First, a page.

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A lot has been said lately about men and how they buy clothes. According to a recent survey conducted by fashion PR firm The Boutique @ Ogilvy, men are spending more time and money on shopping for clothes than women. This information won't exactly surprise you if you've visited a major shopping hub recently: All it takes is a walk down Lafayette Street in SoHo or Sunset Boulevard in Silver Lake to see that men are paying close attention to how they dress. The savviest of the bunch are shopping online at sites like MR PORTER, Yoox, Farfetch, SSENSE and Très Bien — all retailers that all cater to an informed and sophisticated customer. But there is a new shopping destination making big waves in the online marketplace: Grailed.
At its core, Grailed is a simple concept: It's a website and app for buying and selling high-end, secondhand menswear and streetwear. But the site offers much more. You can buy a piece you've been searching high and low for, stock up on basics you need for the office, and discover new brands all in the same place.
Grailed's clean design and simple functionality make the experience about the product in a way that's inclusive and not intimidating. The three categories — grailed (highly sought after pieces from well known designers and labels), hype (streetwear and new releases), and basics (vintage and mass market brands) — are easy to navigate, whether you're looking for something specific or just browsing. The labels for sale speak for themselves: Supreme, Nike, and Palace sit next to vintage Raf Simons, Helmut Lang, and Number (N)ine. Reselling here isn't just for the thrifty — it allows fashion enthusiasts to shop more and experiment with new looks and designers, within a community of like-minded people. Before Grailed, these brands were being resold amongst devout followers, but on nerdy, hard-to-decipher forums and eBay pages unearthed only through deep keyword searches. Grailed has taken this practice, streamlined it for the diehard shopper, and made it accessible to the more mainstream, casual consumer.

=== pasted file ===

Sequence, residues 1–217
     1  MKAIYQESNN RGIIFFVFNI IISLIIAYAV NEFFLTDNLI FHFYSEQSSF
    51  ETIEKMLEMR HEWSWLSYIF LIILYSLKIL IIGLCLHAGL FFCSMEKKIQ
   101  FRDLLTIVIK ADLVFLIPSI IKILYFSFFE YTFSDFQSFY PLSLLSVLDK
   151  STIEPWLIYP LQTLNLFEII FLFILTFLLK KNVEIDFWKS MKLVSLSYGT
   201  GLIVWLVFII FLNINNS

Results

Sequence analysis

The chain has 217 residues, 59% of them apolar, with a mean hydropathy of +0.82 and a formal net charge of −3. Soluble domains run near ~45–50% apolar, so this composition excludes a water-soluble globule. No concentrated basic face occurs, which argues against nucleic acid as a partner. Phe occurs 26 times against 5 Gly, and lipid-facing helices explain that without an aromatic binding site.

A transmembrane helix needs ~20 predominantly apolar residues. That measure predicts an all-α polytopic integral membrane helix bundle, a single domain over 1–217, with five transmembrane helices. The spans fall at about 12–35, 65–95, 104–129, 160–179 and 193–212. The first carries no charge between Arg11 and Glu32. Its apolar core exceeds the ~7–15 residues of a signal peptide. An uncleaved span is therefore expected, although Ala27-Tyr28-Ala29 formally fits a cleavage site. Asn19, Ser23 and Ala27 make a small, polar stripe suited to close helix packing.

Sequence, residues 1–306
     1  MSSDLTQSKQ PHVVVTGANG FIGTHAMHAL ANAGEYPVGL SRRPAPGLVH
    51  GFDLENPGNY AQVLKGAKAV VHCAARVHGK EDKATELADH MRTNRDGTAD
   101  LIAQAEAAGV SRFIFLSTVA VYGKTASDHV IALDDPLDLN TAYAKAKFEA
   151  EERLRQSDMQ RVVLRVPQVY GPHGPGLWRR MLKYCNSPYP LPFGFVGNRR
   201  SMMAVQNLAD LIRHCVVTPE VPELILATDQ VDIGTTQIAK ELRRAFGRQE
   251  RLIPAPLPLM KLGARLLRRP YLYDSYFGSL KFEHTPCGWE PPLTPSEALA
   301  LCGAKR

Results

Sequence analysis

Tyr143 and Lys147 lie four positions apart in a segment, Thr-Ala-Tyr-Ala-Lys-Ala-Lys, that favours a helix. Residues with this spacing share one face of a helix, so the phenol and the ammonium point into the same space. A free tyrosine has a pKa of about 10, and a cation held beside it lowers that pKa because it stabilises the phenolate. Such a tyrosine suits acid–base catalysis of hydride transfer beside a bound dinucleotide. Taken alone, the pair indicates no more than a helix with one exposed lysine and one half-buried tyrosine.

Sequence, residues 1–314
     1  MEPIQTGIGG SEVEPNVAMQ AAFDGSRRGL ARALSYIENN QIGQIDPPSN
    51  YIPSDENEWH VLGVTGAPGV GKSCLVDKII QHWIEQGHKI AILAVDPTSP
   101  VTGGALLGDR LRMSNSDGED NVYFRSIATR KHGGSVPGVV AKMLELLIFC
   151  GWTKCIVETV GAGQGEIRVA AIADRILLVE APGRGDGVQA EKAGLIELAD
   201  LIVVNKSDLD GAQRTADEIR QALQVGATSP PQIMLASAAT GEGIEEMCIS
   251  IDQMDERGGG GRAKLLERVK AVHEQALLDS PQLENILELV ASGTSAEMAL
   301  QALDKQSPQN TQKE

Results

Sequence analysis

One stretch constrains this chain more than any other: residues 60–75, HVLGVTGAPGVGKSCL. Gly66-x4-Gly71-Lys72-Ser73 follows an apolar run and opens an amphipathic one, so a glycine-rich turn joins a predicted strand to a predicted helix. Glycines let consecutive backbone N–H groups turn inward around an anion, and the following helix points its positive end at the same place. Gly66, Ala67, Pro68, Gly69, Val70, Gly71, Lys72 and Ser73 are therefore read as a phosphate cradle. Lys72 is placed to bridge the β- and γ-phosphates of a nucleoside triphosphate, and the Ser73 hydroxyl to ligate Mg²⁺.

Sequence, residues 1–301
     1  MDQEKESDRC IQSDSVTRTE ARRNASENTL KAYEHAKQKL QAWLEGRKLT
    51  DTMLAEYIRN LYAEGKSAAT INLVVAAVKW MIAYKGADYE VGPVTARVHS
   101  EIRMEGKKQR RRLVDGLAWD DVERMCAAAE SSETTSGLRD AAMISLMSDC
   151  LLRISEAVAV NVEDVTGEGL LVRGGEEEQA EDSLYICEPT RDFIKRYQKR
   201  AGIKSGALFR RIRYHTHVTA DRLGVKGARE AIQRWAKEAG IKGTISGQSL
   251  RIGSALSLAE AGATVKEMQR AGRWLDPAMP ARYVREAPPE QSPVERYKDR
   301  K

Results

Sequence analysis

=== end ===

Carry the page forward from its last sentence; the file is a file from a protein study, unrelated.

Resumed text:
To find out more, I spoke with founder and CEO Arun Gupta about the Grailed shopper, how the site has built a following, and where Grailed — and shopping in general — is headed in the future.
What kind of guy is using Grailed and what are they buying?
The Grailed guy is generally very purposeful about the clothing they wear. Sometimes they are looking for luxury items at affordable prices and other times they are looking for a better deal than they could find in the mall. Some are looking to add to their collections. Though they have a range of styles, Grailed users are typically savvy consumers who realize their dollar goes twice as far in a community marketplace such as ours.
Grailed is making something that was once nerdy and insider-y much easier for the layman to use and understand. Do you think the site is helping people seek out new brands and try new things?
It makes trying new things much less risky. Previously if I wanted to try out an A.P.C. coat it would have run me ~$600 at a boutique. Now you can find that same coat (and others like it) on Grailed for less than $200. Plus if you don't end up liking it for whatever reason, you can always resell it to someone else and make your money back.
The homepage feed also makes it extremely easy to scroll for pages and discover new brands. Everything on Grailed has been curated twice: Once by the buyer who purchased it in the store, and then a second time by us when they post it to the website. This process results in the Grailed catalog being only the most desirable items so it's pretty fun to scroll through.
How does the site's relationships with people like Ian Connor help brand awareness?
Ian represents a new generation of fashion conscious youth. These days more and more young people are expressing their personalities through the clothes they wear. Our mission is to help people find and afford pieces that would otherwise be inaccessible to them. That is something that definitely resonates with Ian and the youth consumer, which has absolutely contributed to our growth.
Can you explain the concept behind the Grailed 100?
The Grailed 100 was our first opportunity to showcase our voice and demonstrate our taste as a company. We collected 100 of the most sought after menswear pieces from recent history and shot our own editorial and product photography. We released them for sale at grailed.com/100, highlighting the details and stories of why these pieces are relevant. In essence it was a distilled version of what our marketplace represents: clothes you've always wanted, at a price that is surprisingly affordable.
Is this the new way to shop? Are people OK with paying a little more to not wait in a line? Are they OK with paying less to wear something that is slightly used?
Grailed is definitely a different way to shop for a lot of people. We see much less of a stigma towards buying used, a sentiment that has definitely grown in the past few years as more and more people shop second hand. Not to mention, a community like ours really respects the garments themselves, which is evident in every piece that changes hands.
Our users see real value in buying items at lower prices and also being able to find pieces from past seasons that they may have missed. Even if something is still out of their price range it's easy to defray the cost by selling a piece they don't wear anymore. The reselling culture is a different animal, but it's pretty clear from the success of our Hype section that plenty of people are willing to pay a bit above retail for convenience and availability.